• Microsoft Security Essentials
  • Symantec Endpoint Protection
  • McAfee VirusScan Enterprise
  • ESET Smart Security
  • Windows Defender

Normally, those tools will detected the malware, but for some unknown reason it looks like the AV tools didn’t remove those versions of the Hworm malware running in memory. Without a copy of the specific Hworm version in the victim system and a Forensics investigation, it is difficult to confirm why those AV tools didn’t remove the sample from those victim system.

Protect Yourself

These findings are another validation of how a layered approach to secure the network enterprise is needed to protect your endpoints from these cyber threats.

In order to aid the security community with indicators of the Hworm RAT, the following is a list of C2 domains we have seen in the past six months:

1cowsound.mooo[dot]com[dot]biz p-dark.zapto[dot]org[dot]biz[dot]biz[dot]biz
a.servecounterstrike[dot]com ines0049.ddns[dot]net qwwq.servehttp[dot]com[dot]biz[dot]biz righi.linkpc[dot]net[dot]biz[dot]org[dot]biz
adolf2013.sytes[dot]net jn.redirectme[dot]net[dot]biz[dot]info justprogamers.ddns[dot]net servecounterstrike.servecounterstrike[dot]com[dot]biz khdt1.zapto[dot]org smoker21.hopto[dot]org[dot]info[dot]biz[dot]org
ali252612.zapto[dot]org king999.ddns[dot]net[dot]net[dot]biz kingofus.myq-see[dot]com[dot]org[dot]biz[dot]org syses.sytes[dot]net[dot]biz[dot]org systim.publicvm[dot]com
asdfghj123.ddns[dot]net[dot]biz[dot]org[dot]biz[dot]biz updlate.serveminecraft[dot]net
bifrost-jordan.zapto[dot]org max-ps.sytes[dot]net vipvip3.dyndns[dot]org
cyberspy.zapto[dot]org[dot]info vipx.zapto[dot]org[dot]biz mi0.bounceme[dot]net wormaa.zapto[dot]org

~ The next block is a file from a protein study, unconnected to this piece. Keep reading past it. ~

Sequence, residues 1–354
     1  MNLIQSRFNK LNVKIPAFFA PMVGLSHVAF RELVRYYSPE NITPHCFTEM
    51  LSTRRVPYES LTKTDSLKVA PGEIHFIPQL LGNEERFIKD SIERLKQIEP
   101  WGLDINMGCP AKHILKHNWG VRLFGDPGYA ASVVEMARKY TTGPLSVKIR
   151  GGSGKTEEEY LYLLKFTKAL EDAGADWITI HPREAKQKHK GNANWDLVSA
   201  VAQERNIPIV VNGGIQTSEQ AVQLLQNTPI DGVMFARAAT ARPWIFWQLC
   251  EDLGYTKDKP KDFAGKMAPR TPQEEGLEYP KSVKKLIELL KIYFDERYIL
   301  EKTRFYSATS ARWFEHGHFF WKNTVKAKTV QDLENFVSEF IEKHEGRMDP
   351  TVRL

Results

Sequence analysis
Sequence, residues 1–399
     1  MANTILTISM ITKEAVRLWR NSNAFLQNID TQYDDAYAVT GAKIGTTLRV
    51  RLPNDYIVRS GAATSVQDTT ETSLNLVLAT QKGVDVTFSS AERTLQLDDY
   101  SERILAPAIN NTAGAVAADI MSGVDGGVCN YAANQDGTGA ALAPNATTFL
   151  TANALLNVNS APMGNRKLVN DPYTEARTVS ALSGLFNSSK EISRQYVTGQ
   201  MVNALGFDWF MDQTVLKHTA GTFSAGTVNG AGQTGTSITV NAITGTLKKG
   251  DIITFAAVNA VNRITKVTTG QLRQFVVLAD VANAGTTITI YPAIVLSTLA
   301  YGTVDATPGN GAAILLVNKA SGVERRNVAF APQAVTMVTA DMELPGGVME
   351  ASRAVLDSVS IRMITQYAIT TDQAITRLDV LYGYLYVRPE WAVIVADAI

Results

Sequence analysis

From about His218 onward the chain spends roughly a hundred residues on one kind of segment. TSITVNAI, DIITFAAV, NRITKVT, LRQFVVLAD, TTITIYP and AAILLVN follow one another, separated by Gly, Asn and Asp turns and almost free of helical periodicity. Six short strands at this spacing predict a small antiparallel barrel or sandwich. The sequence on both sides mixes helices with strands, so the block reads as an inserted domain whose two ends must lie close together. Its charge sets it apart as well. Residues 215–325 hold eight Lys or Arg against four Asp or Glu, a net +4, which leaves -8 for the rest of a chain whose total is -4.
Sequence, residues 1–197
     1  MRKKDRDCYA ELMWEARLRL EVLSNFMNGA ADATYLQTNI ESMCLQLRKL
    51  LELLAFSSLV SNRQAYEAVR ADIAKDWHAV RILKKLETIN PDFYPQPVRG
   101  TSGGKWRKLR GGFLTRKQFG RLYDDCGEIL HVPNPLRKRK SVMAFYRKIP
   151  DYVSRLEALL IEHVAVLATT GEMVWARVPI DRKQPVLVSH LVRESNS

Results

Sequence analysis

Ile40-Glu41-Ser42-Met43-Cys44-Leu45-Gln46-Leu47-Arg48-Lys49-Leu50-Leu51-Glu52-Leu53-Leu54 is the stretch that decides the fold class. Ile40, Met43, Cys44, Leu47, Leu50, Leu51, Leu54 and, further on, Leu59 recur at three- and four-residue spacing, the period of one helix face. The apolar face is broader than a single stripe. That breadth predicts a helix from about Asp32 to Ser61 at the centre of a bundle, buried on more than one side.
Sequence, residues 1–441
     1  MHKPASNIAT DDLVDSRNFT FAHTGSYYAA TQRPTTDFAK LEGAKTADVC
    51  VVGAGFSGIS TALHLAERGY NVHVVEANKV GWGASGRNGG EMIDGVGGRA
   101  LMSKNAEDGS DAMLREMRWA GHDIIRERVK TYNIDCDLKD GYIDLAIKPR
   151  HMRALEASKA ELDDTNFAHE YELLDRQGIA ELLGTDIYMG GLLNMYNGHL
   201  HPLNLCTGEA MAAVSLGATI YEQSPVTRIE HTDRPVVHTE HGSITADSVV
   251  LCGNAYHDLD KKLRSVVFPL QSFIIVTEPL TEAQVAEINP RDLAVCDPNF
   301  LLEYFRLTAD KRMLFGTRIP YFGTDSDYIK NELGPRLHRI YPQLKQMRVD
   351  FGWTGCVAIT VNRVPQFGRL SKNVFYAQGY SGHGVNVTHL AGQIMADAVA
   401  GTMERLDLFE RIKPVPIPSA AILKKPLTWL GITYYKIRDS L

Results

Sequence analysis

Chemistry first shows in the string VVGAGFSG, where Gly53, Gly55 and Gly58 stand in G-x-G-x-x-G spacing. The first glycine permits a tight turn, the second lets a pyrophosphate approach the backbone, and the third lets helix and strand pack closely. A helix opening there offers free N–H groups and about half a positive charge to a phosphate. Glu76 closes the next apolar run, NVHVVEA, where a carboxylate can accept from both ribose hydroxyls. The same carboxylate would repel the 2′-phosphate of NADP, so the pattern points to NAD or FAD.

doda.redirectme[dot]net microsoft8.publicvm[dot]com wvvw.sytes[dot]net
douda.linkpc[dot]net microsoftntdll.sytes[dot]net[dot]com[dot]info microsoftsystem.sytes[dot]net[dot]org
dz47.linkpc[dot]net mohamedmmk.zapto[dot]org[dot]biz
googlechrome.servequake[dot]com[dot]biz[dot]biz org.publicvm[dot]com

From the above domains, the following one quickly stands out: “[dot]biz”. The last Hworm activity observed at a client site with this domain was on Oct 2016. pDNS data shows that in June 2016 this domain was associated with Xtreme RAT activity. We also found samples of njRAT v.0.7d and v.0.4.1a beaconing to this domain. The following table shows some of the C2 correlations:

Malware MD5 C2
XtremeRAT 6b3ef140a6062d7fa295c8fedde7d689[dot]biz:22
njRAT v.0.7d 0de41aef336f40a07ed6984db61b52ab[dot]biz:2020
njRAT v.0.4.1a e081a42d6e09a3fcf049a33b2ecf0412[dot]biz:1177
DarkComet 06e125132b458321f97b6409a4db9ac4 vipvip3.dyndns[dot]org:1604
njRAT 361c9d44809f788b92023b762e363449 vipvip3.dyndns[dot]org:8817

To aid the security community, we’re constantly enriching Fidelis Barncat with newer Hworm configurations using our mining techniques.

The following Yara rules can also be used to detect this threat:

rule win_vbs_rat_hworm



$sa1 = “CONFIG”

$sa2 = “MYCODE”


$sa4 = “BASE64TOHEX”


$sa6 = “LOADER_”

$sa7 = “PE_PTR”


$sa9 = “WSCRIPT.EXE” nocase

$sa10 = “FUNCTION”

$sa11 = “DIM”

$sa12 = “END SUB”

$sb1 = “HOST_FILE”

$sb2 = “FILE_NAME”

$sb3 = “INSTALL_DIR”

$sb4 = “START_UP_REG”

$sb5 = “START_UP_TASK”


$sc1 = “DCOM_DATA”

$sc2 = “LOADER_DATA”

$sc3 = “FILE_DATA”

$sc4 = “(1)”

$sc5 = “(2)”

$sc6 = “(3)”

$sc7 = “FILE_SIZE”


(all of ($sa*)) and ( (all of ($sb*)) or (all of ($sc*)) )


rule win_exe_rat_hworm



$sa1 = “connection_host” wide ascii

$sa2 = “connection_port” wide ascii

$sa3 = “install_folder” wide ascii

$sa4 = “install_name” wide ascii

$sa5 = “nickname_id” wide ascii

$sa6 = “password” wide ascii

$sa7 = “injection” wide ascii

$sa8 = “startup_registry” wide ascii

$sa9 = “startup_folder” wide ascii

$sa10 = “startup_task” wide ascii

$sa11 = “process_name” wide ascii

$sa12 = “fkeylogger_host” wide ascii

$sa13 = “fkeylogger_port” wide ascii

$sa14 = “keylogger_init” wide ascii

$sa15 = “keylogger_offline” wide ascii

$sa16 = “file_manager” wide ascii

$sa17 = “usb” wide ascii

$sa18 = “password” wide ascii

$sa19 = “filemanager” wide ascii

$sa20 = “keylogger” wide ascii

$sa21 = “screenshot” wide ascii

$sa22 = “show” nocase wide ascii

$sa23 = “open” wide ascii

$sa25 = “create” wide ascii

$sa26 = “Self” wide ascii

$sa27 = “createsuspended” wide ascii


(uint16(0) == 0x5A4D) and (all of them)